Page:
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Free summer lunch starts

Serving 2,000 youth at 44 locations

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Free summer lunch starts

Manteca Unified nutrition education staff member Eunice Steves hands out a lunch to waiting kids during the Summer Lunch Program at Lincoln Park last year.

HIME ROMERO/The Bulletin/

POSTED May 31, 2016 1:59 a.m.

School may be out for the summer but hunger doesn’t take  a break.

It is why starting Wednesday Manteca Unified is rolling out its Summer Seamless Program for children ages 2 to 18 at 32 locations in Manteca, six locations in  Latrhop, five locations in Weston Ranch and one in French Camp.

Even though the reason Manteca Unified qualified for the federal  program is due to the high number of free and reduced meals it serves, there is no income eligibility requirements or need to register or show identification for a youth to obtain a free sack lunch Monday through Friday.

Lunches will be delivered in vans with the Manteca USD-Nutrition Education logo on them.

After the program starts Wednesday, it will run Monday through Friday until July 31. There will not be meal service on July 4 due to the Fourth of July holiday.

Typically the sack lunch consists of a sandwich, stone fruit, vegetables and milk.

Last year more than 2,000 meals were served on any given day.

This year a second barbecue day is being added where hot dogs are served. They will also be offering pizza on Fridays.

Meals have to be consumed on site. In the past no uneaten food was allowed to leave the premises MUSD Nutrition Services Director Patty Page said the United States Department of Agriculture has relaxed that rule this year to reduce food waste.

At one point last school year, 11,860 or 49.3 percent of the district’s 23,000 students received free meals. That dropped in March to 11,618 or 48.58 percent. 

Students receiving reduced meals went down from 11.98 percent or 2,845 or 11.18 percent or 2,673. Overall 61 percent of all students received free or reduced meals.

The drops came despite state-level changes that expanded eligibility rules.

Much of the financial stress with the Manteca Unified boundaries is driven by the fact that housing is exceptionally expensive in Manteca and Lathrop for San Joaquin Valley communities. City of Manteca research shows that under federal standards  nearly half  of the city’s households are stressed when it comes to housing expenses including utilities and such because more than 30 percent of their overall household income goes to housing. That is a direct result of sky-high housing prices in the Bay Area that are sending buyers east over the Altamont Pass to look for options that are affordable for them.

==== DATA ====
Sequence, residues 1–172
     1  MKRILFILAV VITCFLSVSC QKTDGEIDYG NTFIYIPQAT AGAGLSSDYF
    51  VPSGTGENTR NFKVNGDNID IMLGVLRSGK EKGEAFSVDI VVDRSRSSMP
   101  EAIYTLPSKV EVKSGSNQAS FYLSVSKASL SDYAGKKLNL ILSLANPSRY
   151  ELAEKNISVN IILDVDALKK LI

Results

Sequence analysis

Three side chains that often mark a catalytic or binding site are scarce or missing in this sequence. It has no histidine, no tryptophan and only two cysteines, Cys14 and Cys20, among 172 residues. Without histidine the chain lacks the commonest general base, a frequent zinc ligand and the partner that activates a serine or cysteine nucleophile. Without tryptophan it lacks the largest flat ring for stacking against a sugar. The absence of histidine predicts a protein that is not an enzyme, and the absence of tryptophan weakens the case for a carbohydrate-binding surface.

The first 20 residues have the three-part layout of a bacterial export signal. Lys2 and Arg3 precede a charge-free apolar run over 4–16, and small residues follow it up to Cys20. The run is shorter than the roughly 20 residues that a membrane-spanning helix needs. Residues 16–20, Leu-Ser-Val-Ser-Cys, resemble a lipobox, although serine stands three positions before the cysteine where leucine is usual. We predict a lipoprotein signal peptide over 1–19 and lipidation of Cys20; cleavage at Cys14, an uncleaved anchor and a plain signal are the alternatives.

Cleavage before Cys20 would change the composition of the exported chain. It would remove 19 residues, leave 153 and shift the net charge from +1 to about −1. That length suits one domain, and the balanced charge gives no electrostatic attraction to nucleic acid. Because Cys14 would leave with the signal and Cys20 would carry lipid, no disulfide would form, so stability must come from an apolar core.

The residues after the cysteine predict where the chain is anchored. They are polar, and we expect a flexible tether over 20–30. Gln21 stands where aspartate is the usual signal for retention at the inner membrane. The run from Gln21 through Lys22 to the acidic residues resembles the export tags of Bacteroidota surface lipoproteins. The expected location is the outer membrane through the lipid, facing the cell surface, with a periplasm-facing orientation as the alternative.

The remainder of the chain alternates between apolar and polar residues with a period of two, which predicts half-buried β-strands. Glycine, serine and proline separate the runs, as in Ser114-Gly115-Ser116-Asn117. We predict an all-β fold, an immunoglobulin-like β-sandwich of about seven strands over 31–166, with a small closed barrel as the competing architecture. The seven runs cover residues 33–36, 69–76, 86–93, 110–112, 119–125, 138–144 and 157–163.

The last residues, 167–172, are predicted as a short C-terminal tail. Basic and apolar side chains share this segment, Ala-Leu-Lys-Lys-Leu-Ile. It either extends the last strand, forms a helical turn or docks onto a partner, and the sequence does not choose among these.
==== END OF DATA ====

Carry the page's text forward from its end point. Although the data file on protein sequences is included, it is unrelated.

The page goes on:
The free and reduced lunch program uses a sliding scale to determine eligibility. For example, a household with four in it making $31,525 a year qualifies for free student meals. A family of four with an annual household income between $31,526 and $44,863 is eligible for reduced meals. A singe parent with a child that makes less than $20,709 qualifies for free meals while those making between $20,710 and $29,471 qualify for reduced meals.

But because of how well the food service is operated — it covers all of its costs without being subsidized by the general fund — the district is able to drop the 25 cent charge the federal government usually requires for those that qualify for reduced meals and not free meals.

District leaders have noted students who have good nutritional meals and aren’t hungry are better behaved, have better attention, and retain more of what they learn. Retention of learning is one of the driving forces behind the federal effort to make sure kids have at least one nutritional meal Monday through Friday during the summer.

 Manteca locations for the summer lunch program are as follows:

u11 to 11:20 a.m. — Quail Ridge Park on Mission Ridge Drive, Sequoia Park on Wawona Street, Tesoro Park on Tesoro Drive, Chadwick Square Park on London Avenue, Springtime Park on Springtime Avenue, Hildebrand Park on Pine Street, Northgate Park on Hoyt Lane, Union West Park on Parkview Street

u11:30 to 11:50 a.m. — Doxey Park on Northgate Drive, Colony Park on Trailwood Avenue, Manteca High swimming pool, St. Francis Park on Devonshire Avenue, Graystone Park on Agate Avenue, Giles Memorial Park next to the Boys & Girls Club on Alameda Street,   Villa Ticino Park on Geneva Way, Primavera Park on Primavera Avenue

uNoon to 12:20 p.m. — Rodini Park on Lucio Street, Springport Park on Pestana Avenue, Franciscan Park on Elm Avenue, Baccileri Park on Stockton Street, Shasta Park on Edison Street, Morenzone Ballfield on Center Street, Roberts Estates Park on Rail Street, Mayors Park on Kelley Drive

u12:30 to 12:50 p.m. —  Raymus Park on Apache Drive, Sandpiper Village on Pennebaker Avenue,  Cotta Park on Mission Ridge Drive,  Lincoln Park on Powers Avenue,  Diamond Oaks Park on Pestana Avenue, Spreckels BMX Park on Spreckels Avenue,  Woodward Park on Woodward Avenue,  Library Park on Center Street 

Lathrop locations are:

u11 to 11:20 a.m. — Mossdale Landing Park on Towne Center Drive,  Generations Park across from Lathrop High

u11:30 to 11:50 a.m. — Libby Park on Libby Lane, Sangalang Park on Slate Street

uNoon to 12:20 p.m. — Valverde Park on Fifth Street

u12:30 to 12:50 p.m. — Park West Park on Shelter Cove Circle

Weston Ranch locations are:

u11 to 11:20 a.m. — St. George Parish, 144 W. Fifth St.

u11:30 to 11:50 a.m. — Paul E. Weston Park on EWS Woods Boulevard

uNoon to 12:20 p.m. — Long Park on Woodchase Lane

u12:30 to 12:50 p.m. — Weston Ranch Library on French Camp Road,  Smith Park on William Moss Boulevard

The French Camp location is from noon  to 12:30 p.m. at the Good Shepherd Church on French Camp Road.

If you have questions contact Nutrition Education at 858.0778.


To contact Dennis Wyatt, email

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